27.5.16

| STYLE NOTES | EGG



If there is one brand that I have not ceased fawning over since I discovered it in 2012 (I remember it clearly. It was like a bolt of lightening), it is Egg. Egg has a loyal following and remains deeply influential to many a fashion designer.

For me, Egg scrambled my interpretation of personal style and was a catalyst to my view on 'style over fashion'. Fashion is a word that I increasingly dislike using when I talk about the clothes that I like to wear. The fast, loose, disposable nature of the industry leaves a sour aftertaste in my mind. I've learned to prefer the word 'style'. I prefer it because it gives credit to individual choices, taste and creativity interpreted into a sense of dress. I like it because it transcends the whirling, churning fashion machine. It chucks a spanner in its works that whispers.....I am me. I am not what you try to fashion me into.

I can gaze at the unpatronising forms of Egg's clothes for hours. Essentially, I like the generous cuts, the unrestricted movement, the billowing silhouettes, and the faithful refined craftsmanship I see in every piece I've come face to face with. My heart sings at the choice of fabrics, the honesty of form and the timelessness laid bare in each piece that comes out of the Kinnerton Street establishment.

Egg is owned by the legendary Maureen Doherty who's had a long kinship with Miyake Issey - another favourite of mine. Furthermore, her clothes are worn by another of my favourite designer of mine... Kawakubo Rei. I don't need to say anymore do I?

Photo credit: EGG TRADING 

Photo credit: EGG TRADING 

Photo credit: EGG TRADING 

Photo credit: EGG TRADING 




















































".......simplicity of an egg, the form and enigma behind and within........."

| For the curious |

Egg's Website

Follow Maureen Doherty on Instagram




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26.5.16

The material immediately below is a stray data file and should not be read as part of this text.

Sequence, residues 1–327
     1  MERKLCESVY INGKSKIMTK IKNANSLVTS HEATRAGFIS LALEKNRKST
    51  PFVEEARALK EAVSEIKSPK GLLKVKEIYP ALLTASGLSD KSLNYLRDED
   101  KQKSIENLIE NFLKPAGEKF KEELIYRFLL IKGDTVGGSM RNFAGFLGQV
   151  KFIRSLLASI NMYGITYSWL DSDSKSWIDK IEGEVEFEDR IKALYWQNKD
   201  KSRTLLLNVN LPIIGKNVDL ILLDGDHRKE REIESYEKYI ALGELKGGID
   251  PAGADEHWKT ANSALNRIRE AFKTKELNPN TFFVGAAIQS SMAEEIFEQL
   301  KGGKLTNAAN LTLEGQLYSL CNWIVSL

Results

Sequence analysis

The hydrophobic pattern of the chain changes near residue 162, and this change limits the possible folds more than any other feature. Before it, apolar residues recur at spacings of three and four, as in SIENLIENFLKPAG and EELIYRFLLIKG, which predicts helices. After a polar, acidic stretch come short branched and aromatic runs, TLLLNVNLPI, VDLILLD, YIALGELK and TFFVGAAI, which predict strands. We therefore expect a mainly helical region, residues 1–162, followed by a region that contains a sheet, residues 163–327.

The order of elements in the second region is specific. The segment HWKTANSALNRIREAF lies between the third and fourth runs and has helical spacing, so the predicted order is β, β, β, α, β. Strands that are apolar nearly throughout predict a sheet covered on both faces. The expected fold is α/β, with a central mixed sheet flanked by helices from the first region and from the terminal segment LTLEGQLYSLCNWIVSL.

| BEAUTY | BOTTLED ROSE


My toner situation is divided into 2 clear categories. 

Iiiiiiiiiiin the red corner we have those punchy decongesting hard working exfoliaters. 

Iiiiiiiiiiiiin the blue corner, we have the silky smoothing,  skin prep-soothers.

In the latter group, Santa Maria Novella's Acqua de Rose up a champion. Definitely up-there in the hall of greats for me.

I use it in the mornings and after more acidic toners in the evening. I've decanted some into a Muji spray bottle and used it as a facial spritz on long flights or on hot days. I've tried a lot of rose waters in my time but this one is the only one that I would repurchase. It is soothing, uplifting, simple, effective at removing residual cleanser and missed bits of muck - not to mention beautifully presented. 




Santa Maria Novella's Acqua de Rose is part of a centuries old tradition. Its story began in 1221 when the Dominican monks in Firenze began to study and experiment with officinal herbs and in 1621, they opened their pharmacy to the public. They have been dispensing their preparations to the world ever since.

Acqua di Rose is alcohol free, antiseptic and really refreshing to use as a toner or a light fragrance. The scent is more of an honest rose than many skincare interpretations out there - hence its timeless appeal. 

Its main drawback is its availability, rather unavailability. I've not come across an online retailer in the UK yet. There is a boutique in Chelsea that is well known among Santa Maria Novella fans. However, if you are in east London, there is a sort of secret stockist tucked away behind the main thoroughfares, on Old Nichol Street. In fact a visit to HOSTEM's new digs is well worth it - even if you are just there to buy a big old bottle of rose water.  It costs £22.00 for a massive 250ml glass bottle, that will look great in your bathroom and it will last you quite some time!

| Links for the curious | 

Santa Maria Novella's pharmacy in Firenze is quite breathtaking!

Take a looks at Hostem's new home in Old Nichol St

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23.5.16

| Thoughts | Grow Slow


Our boy turned 1 last week!